And this gets us to the ultimate point.  These half-assed attempts to compete with Amazon are just backfiring. Nobody wants home-delivered groceries - or very few people do.  Nobody wants to pick things up at the store that they ordered online - they want it shipped to their home.  If you have to go to the store, what's the point?   Each one of these retailers also has an online website where they sell products - just like Amazon, but crappier.   Usually their websites are not very well done and not very effective.  Of the three, Walmart probably has the best website, although it does sell a lot of third-party items - and Walmart is always getting into some trouble when people put racist t-shirts for sale on the site.

The Home Depot and Lowe's sites are okay, I guess, but really could be a lot better and have a better selection.  It doesn't seem like they're putting a lot of effort into online sales.  They are not leveraging their brick-and-mortar presence to promote online sales.  As I noted before, we once bought something online from Home Depot after an associate told us the product wasn't available in the store but could be shipped to our house.  He went to a terminal and with a few clicks and a credit card swipe ordered the product for us.

And I can only imagine the rationale for these shitty, half-assed attempts at e-commerce.   In some meeting room somewhere, the guy in charge of the brick-and-mortar side intentionally crippled their e-commerce site, because he was afraid it would take away sales from his stores and make him look bad.   We used to do nonsense like that at GM - intentionally take away legroom on smaller cars, in order to "punish" our customers, who refused to move up to a larger or more expensive car.   They moved up to a Toyota instead.   Rather than look at the big picture, people only looked at their own fiefdoms.

Thus, it seems to me that these companies are over-reacting to the alleged threat of Amazon by coming up with cockamamie schemes, which are just merely efforts to show that "we're doing something" to respond to Amazon.  But these efforts really aren't paying off.  Meanwhile the weapons they do have - their brick-and-mortar presence and their own online web-portals - are languishing.  Or at the very least they could be done a lot better.  I don't order things on Amazon because I hate brick-and-mortar stores.  I order things online because they have them in stock and the prices are marginally better.   I go to the store, driving nearly 20 miles, only to find they don't have what I want - and there is no one around to help me.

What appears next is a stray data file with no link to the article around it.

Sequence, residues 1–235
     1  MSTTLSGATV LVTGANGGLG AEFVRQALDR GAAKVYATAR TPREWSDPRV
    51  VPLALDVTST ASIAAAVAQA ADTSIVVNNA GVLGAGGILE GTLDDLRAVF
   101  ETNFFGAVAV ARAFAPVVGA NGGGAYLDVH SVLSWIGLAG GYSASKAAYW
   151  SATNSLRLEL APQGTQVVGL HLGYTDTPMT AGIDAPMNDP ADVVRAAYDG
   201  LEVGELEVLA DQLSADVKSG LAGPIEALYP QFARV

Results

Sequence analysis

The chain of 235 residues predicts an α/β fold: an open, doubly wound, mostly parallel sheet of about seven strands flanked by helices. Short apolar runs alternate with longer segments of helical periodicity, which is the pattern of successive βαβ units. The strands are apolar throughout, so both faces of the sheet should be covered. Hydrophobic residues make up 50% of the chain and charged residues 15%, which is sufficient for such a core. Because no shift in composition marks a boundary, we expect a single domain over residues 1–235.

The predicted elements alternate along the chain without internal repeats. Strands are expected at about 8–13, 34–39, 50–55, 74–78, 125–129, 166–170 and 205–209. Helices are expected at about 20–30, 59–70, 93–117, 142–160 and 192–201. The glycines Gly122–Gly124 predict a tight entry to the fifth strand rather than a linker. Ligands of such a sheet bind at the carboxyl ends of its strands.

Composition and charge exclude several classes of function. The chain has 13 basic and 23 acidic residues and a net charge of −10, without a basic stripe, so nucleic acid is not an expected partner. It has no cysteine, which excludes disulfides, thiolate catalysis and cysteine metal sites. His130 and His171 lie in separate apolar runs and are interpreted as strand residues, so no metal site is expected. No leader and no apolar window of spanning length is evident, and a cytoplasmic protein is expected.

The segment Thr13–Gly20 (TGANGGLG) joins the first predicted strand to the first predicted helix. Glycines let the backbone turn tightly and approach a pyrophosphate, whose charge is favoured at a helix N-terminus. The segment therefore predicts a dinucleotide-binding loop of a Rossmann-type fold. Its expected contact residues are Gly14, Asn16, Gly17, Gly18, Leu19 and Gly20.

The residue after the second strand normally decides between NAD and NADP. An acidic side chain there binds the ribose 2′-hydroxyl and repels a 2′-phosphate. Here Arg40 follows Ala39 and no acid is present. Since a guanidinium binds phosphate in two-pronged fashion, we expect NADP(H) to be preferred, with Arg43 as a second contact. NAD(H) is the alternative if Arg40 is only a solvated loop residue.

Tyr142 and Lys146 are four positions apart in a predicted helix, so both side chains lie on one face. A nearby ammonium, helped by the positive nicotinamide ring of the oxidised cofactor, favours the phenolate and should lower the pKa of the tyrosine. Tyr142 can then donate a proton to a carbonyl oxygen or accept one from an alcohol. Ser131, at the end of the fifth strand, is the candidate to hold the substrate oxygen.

Sadly, this reflects the nature of modern American business management.  Mangers are reactive, not active, and feel they need to be seen "doing something" in response to market changes.   Rather than pay attention to the bottom line and just offer better services and products, they have to come up with crazy new ideas.  We saw this at GM in the 1970's and 1980's.  How do we compete with Japanese imports?  It's a crises!   Instead of just making better quality cars at lower prices, they came up with the Vega - with a crazy experimental engine that blew up after 60,000 miles.  And weird things like shipping the cars vertically to save money.  The idea of confronting the hard problems on the assembly line was rejected out of hand.  A decade later, they did the same thing with Saturn - instead of just making better Chevies, they felt they needed to "re-invent" the small car business.  The result was just another Chevy, for the most part - it did nothing to compete with the Japanese or offer anything different that other GM divisions.

If you want to compete with Amazon then compete with Amazon online.  Because that's what Amazon is, an online retailer.  Amazon doesn't have "pick up at the store" or any such nonsense as that, because they don't have a store.  Worry less about droning groceries and worry more about making your online presence work.

And maybe take that real estate and employees wasted on "pickup zones" and put them to work making the brick-and-mortar experience better.  Because when I am waiting in line at the register and see an employee sitting behind a "pickup" desk doing nothing, I wonder where their priorities are.   Brick and mortar has a future, for companies that are not saddled with debt - and companies that simply don't give up because of the threat of Amazon.   Do your job well, and Amazon is not a concern.